• Simulated organisms, each including a set of behavior and reproduction rules (a simulated "genetic code"), and a simulated environment. The simulated organisms simulate multiple generations of evolution. The term can refer to any seifreplicating pattern.
    von Ray Kurzweilim Buch The Age of Spiritual Machines (1999) auf Seite 298
Kybernetik
  • A term coined by Norbert Wiener to describe the "science of control and communication in animals and machines." Cybernetics is based on the theory that intelligent living beings adapt to their environments and accomplish objectives primarily by reacting to feedback from their surroundings.
    von Ray Kurzweilim Buch The Age of Spiritual Machines (1999) auf Seite 301
Leben
  • The ability of entities (usually organisms) to reproduce into future generations. Patterns of matter and energy that can perpetuate themselves and survive.
    von Ray Kurzweilim Buch The Age of Spiritual Machines (1999) auf Seite 305
Turing-Maschine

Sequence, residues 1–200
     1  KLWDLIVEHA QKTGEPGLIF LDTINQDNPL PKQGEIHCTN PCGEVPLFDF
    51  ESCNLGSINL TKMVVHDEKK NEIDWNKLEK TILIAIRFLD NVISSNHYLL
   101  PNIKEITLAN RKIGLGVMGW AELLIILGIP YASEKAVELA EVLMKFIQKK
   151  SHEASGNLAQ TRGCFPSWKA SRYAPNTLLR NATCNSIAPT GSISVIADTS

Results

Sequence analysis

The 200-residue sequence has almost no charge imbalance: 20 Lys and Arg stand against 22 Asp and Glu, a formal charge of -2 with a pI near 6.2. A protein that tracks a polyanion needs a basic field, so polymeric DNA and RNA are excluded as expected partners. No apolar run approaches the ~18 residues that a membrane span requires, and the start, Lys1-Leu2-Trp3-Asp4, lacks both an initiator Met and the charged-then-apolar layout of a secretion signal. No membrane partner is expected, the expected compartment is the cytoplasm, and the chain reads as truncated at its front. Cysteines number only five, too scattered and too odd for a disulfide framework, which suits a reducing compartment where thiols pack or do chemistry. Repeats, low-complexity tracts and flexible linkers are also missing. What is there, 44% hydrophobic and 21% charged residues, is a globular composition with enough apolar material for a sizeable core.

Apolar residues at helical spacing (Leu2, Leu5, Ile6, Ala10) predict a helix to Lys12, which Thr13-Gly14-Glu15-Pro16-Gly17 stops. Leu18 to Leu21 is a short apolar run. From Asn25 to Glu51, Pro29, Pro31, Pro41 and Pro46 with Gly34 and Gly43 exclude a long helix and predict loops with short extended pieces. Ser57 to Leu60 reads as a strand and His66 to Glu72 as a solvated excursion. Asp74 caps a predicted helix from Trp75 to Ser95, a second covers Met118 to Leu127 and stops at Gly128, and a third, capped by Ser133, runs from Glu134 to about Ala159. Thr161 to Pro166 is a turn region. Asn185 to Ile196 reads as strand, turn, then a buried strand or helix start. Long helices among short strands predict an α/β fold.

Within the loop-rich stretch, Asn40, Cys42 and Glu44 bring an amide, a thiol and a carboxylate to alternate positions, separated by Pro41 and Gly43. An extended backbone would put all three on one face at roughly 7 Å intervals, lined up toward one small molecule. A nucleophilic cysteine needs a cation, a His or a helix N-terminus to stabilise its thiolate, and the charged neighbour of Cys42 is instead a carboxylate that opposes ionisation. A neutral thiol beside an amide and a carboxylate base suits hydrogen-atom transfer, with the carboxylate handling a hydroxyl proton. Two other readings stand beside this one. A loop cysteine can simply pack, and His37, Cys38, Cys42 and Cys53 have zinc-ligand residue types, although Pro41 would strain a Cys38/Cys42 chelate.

• A simple abstract model of a computing machine, designed by Alan Turing in his 1936 paper "On Computable Numbers." The Turing machine is a fundamental concept in the theory of computaüon.
    von Ray Kurzweilim Buch The Age of Spiritual Machines (1999) auf Seite 313
Turing-Test
  • In a 1950 paper, Alan Turing describes his concept of the Turing Test, in which a human judge Interviews both a Computer and one or more human foils using terminals (so that the judge won't be prejudiced against the Computer for lacking a warm and fuzzy appearance). If the human judge is unable to reliably unmask the Computer (as an impostor human) then the Computer wins.
    von Ray Kurzweilim Buch The Age of Spiritual Machines (1999) im Text Of Mind and Machine auf Seite 61
Watson
  • Millions of people witnessed the IBM computer named Watson play the natural-language game of Jeopardy! and obtain a higher score than the best two human players in the world combined. It should be noted that not only did Watson read and “understand” the subtle language in the Jeopardy! query (which includes such phenomena as puns and metaphors), but it obtained the knowledge it needed to come up with a response from understanding hundreds of millions of pages of natural-language documents including Wikipedia and other encyclopedias on its own. It needed to master virtually every area of human intellectual endeavor, including history, science, literature, the arts, culture, and more.
    von Ray Kurzweilim Buch How to Create a Mind (2012)